One experienced addictions treatment specialist who sees a connection for some individuals between recreational cannabis use and subsequent risk of addiction to street drugs like cocaine, fentanyl and heroin is Dr. Avininder (Avi) Aulakh.

Dr. Aulakh, formerly the Clinical Lead for Alberta Health Services’ Opioid Dependency Program in Edmonton, operates the Savera Medical Centre in southeast Edmonton, which is dedicated to treating opioid, alcohol and/or other substance use addictions.

“When we look at the patients we see here, rarely do they have struggles with only one substance. There is often a crossover. If they are addicted to one substance, they are also at risk of being addicted to something else,” says Dr. Aulakh, who is also a Clinical Lecturer in the Department of Psychiatry.

“But it’s fair to say that based on our clinical interactions with patients, most of them started with cannabis. That is often the first illicit substance they tried, apart from drinking or smoking, when they were say 14 or 15 years of age, and they moved on from there to other substances including opioids,” he explains.

“That said, we’re dealing with the subset of the population that is struggling with addiction. Many people may try cannabis and don’t have any struggles with it. But cannabis is a gateway to other drugs for some people, and once opioids come into play, that becomes the dominant drug. The earlier cannabis use starts, the more likely a person is to develop addictions. If someone started using cannabis at 14 versus 18, with all the same risk factors, at 14 the risks (for addiction) are much higher.”

Prescription opioids are mainly used to treat acute and chronic pain. But they are also used to control persistent cough or diarrhea, or to treat opioid addiction with methadone or buprenorphine-naloxone, under the supervision of a healthcare professional.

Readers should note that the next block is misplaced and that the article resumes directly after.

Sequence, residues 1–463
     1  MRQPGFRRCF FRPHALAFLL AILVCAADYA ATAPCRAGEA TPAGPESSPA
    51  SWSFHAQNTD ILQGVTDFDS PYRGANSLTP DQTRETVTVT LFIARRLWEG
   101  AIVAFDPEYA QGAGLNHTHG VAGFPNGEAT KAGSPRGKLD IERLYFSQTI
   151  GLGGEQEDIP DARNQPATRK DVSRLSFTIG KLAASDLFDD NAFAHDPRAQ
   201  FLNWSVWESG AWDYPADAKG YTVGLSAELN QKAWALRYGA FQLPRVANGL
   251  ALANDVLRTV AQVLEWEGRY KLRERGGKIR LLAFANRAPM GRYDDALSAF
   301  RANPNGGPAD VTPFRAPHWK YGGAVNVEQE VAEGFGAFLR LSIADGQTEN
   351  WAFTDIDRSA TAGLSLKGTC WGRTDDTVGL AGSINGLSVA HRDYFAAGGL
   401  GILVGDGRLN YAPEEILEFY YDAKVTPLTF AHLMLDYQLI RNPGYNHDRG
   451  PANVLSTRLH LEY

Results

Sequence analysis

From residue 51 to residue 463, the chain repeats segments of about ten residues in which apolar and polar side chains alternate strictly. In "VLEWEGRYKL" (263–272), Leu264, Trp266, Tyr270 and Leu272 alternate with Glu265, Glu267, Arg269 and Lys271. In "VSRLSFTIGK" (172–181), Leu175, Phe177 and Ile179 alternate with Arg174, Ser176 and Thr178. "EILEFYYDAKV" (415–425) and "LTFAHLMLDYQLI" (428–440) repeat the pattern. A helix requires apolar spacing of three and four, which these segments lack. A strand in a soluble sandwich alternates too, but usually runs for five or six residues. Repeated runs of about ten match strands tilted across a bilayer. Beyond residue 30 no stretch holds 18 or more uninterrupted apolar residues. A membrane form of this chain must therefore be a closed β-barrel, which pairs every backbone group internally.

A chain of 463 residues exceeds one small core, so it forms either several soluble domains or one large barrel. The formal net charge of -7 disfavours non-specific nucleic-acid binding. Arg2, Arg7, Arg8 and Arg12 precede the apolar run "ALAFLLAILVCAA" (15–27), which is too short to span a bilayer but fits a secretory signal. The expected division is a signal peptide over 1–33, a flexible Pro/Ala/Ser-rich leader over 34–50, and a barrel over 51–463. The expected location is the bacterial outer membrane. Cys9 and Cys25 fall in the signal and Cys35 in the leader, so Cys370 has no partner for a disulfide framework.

According to a 2017 report by the Canadian Centre on Substance Use and Addiction, prescription opioids were used by 13% of the Canadian population (roughly 4.75 million people) to relieve pain. Among those using opioid pain relievers, 2.2% or more than 80,000 Canadians reported using them for non-medical purposes, the report said.

“For the pilot study we’re doing, if you look over the past five years in Alberta there were about 1.2 million people in total who used opioids, so it’s a large number. But it’s a much smaller number of people who used both prescription opioids and medical cannabis, says Dr. Cao.

“The latter group may involve up to 10,000 people, but this group may help us to understand their prescription opioid related outcomes. This is a starting point for us to understand general cannabis-based medicine and its interaction with prescription and non-prescription opioids,” he adds.

“In our study, the Computational Psychiatry Group will be utilizing Machine Learning to help us make individualized predictions about future risk levels relevant to opioid outcomes. For some people, medical cannabis could present a higher risk for opioid addiction down the road, but for others it may present a lower risk.”

Since data analysis alone won’t provide a comprehensive picture of all the factors that lead to OUD and opioid overdose, Dr. Cao stresses that input from clinicians and opioid and cannabis users who draw on their owned lived experience will be an important part of the study. Alberta Innovates and Alberta SPOR SUPPORT Unit (AbSPORU) helped to engage people with lived experience since the early stage of the study.

“That’s the beauty of the real-world component, and why we need to include focus groups to identify factors we don’t see from the data. People who have lived experience can tell us what we’re missing, so that’s why we need to be super-cautious about making any generalizations,” he says.

“There will be things we didn’t consider or we won’t see from the data. But we want to know what they are, so we’ll know what the study limitations are, and to what extent we can use this type of tool to help clinicians, patients and stakeholders in future.”